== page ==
The response to the novel coronavirus COVID-19 (now called severe acute respiratory syndrome coronavirus 2, or SARS-CoV-2) has been fascinating for a number of reasons. However, two matters stand out for me.

The first matter concerns the way that our choice of narrative framework shapes outcomes. From what we know of SARS-CoV-2 it is highly infectious and produces mortality rates in excess of those caused by more familiar forms of coronavirus, such as those that cause the common cold. However, given that ‘novelty’ and ‘danger’ are potent tropes in mainstream media, most coverage has downplayed the fact that human beings have lived with various forms of coronavirus for millennia.

The more familiar we are with a risk, the more likely we are to manage it through a measured response. That is, we avoid the kind of panicky response that leads people to hoard toilet paper, etc. We can see how a narrative of familiarity works, in practice, by comparing the discussion of SARS-CoV-2 with that of the flu.

John Hopkins reports that an estimated 1 billion cases of flu (caused by a different type of virus) lead to between 291,000 and 646,000 fatalities worldwide each year. That is the norm for flu. Yet, our familiarity with this disease means that the world does not shut down each flu season. Rather than panic, we take prudent measures to manage risk.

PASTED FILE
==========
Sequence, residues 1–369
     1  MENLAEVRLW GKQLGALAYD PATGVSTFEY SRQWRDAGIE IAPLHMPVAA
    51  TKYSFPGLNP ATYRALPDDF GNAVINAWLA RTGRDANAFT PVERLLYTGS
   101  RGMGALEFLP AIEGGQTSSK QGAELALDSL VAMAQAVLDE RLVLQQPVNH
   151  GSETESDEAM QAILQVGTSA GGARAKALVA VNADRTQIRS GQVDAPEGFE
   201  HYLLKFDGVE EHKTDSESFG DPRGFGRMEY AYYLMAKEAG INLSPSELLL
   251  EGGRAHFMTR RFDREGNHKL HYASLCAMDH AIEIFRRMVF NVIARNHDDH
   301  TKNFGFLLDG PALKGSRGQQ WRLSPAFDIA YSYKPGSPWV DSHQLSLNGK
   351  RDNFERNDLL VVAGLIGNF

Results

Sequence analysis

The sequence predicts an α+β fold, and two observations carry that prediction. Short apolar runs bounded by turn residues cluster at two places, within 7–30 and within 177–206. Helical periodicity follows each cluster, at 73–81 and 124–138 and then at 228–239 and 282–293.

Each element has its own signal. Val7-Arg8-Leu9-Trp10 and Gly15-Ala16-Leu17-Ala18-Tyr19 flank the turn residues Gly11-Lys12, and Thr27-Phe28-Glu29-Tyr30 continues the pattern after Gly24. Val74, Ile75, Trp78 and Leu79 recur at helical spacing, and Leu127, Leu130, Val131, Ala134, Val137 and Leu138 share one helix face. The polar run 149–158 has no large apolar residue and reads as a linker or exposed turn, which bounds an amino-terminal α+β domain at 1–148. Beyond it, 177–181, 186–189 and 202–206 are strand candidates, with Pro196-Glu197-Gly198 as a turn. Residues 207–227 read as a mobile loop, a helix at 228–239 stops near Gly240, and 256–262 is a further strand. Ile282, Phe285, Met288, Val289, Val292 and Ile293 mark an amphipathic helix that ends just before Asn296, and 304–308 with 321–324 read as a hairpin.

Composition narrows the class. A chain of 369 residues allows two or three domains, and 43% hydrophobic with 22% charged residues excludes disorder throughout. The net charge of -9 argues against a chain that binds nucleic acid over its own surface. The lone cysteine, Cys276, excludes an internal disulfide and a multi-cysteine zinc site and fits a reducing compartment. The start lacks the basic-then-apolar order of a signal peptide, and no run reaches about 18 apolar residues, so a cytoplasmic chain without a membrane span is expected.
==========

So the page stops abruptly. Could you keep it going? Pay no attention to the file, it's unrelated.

I do not want to understate the significance of SARS-CoV-2, nor diminish the need for utmost care and diligence in its management. This is especially so given human beings do not possess acquired immunity to this new virus (which is mutating as it spreads). Furthermore, SARS-CoV-2 is currently thought to generate mortality rates greater than most strains of the flu.

However, despite this, I wonder if society would have been better served by locating this new virus on the spectrum of diseases affecting humanity – rather than as a uniquely dangerous new threat.

This brings me to the second matter of interest that I think worth mentioning. Like many others, I have been struck by the universal commitment of Australia’s leading politicians to legitimise their decisions by relying on the advice of leading scientists.

I do not know of a single case of a politician refusing to accept the prevailing scientific consensus. As far as I know, there has been nothing said along the lines of, “all scientific truth is provisional” or “some scientists disagree”, etc. I have not heard politicians denying the need to take action because it might put some jobs at risk. Nor has anyone said that action is futile ‘virtue signalling’ because a tiny nation, like Australia, can hardly affect the spread of a global pandemic.

As such, I have been left wondering how to explain our politicians’ commitment to act on the basis of scientific advice when it comes to a global threat such as presented by SARS-CoV-2 – but not when it comes to a threat of equal or greater consequence such as presented by global warming.

Taken together – these two issues raise many important questions. For example: are we only able to mount a collective response under conditions of imminent threat? If so, is this why politicians so often play upon our fears as the means for securing our agreement to their plans? Does this approach only work when the risks can be framed in terms of our individual interests – and perhaps those of our immediate families –  rather than the common good? Or, more hopefully, can we embrace positive agendas for change?

For my part, I still believe that people are open to good arguments … that they can handle complex truths – if only they are presented in accessible language by people who deserve to be trusted. It’s the work of ethics to make this possible.

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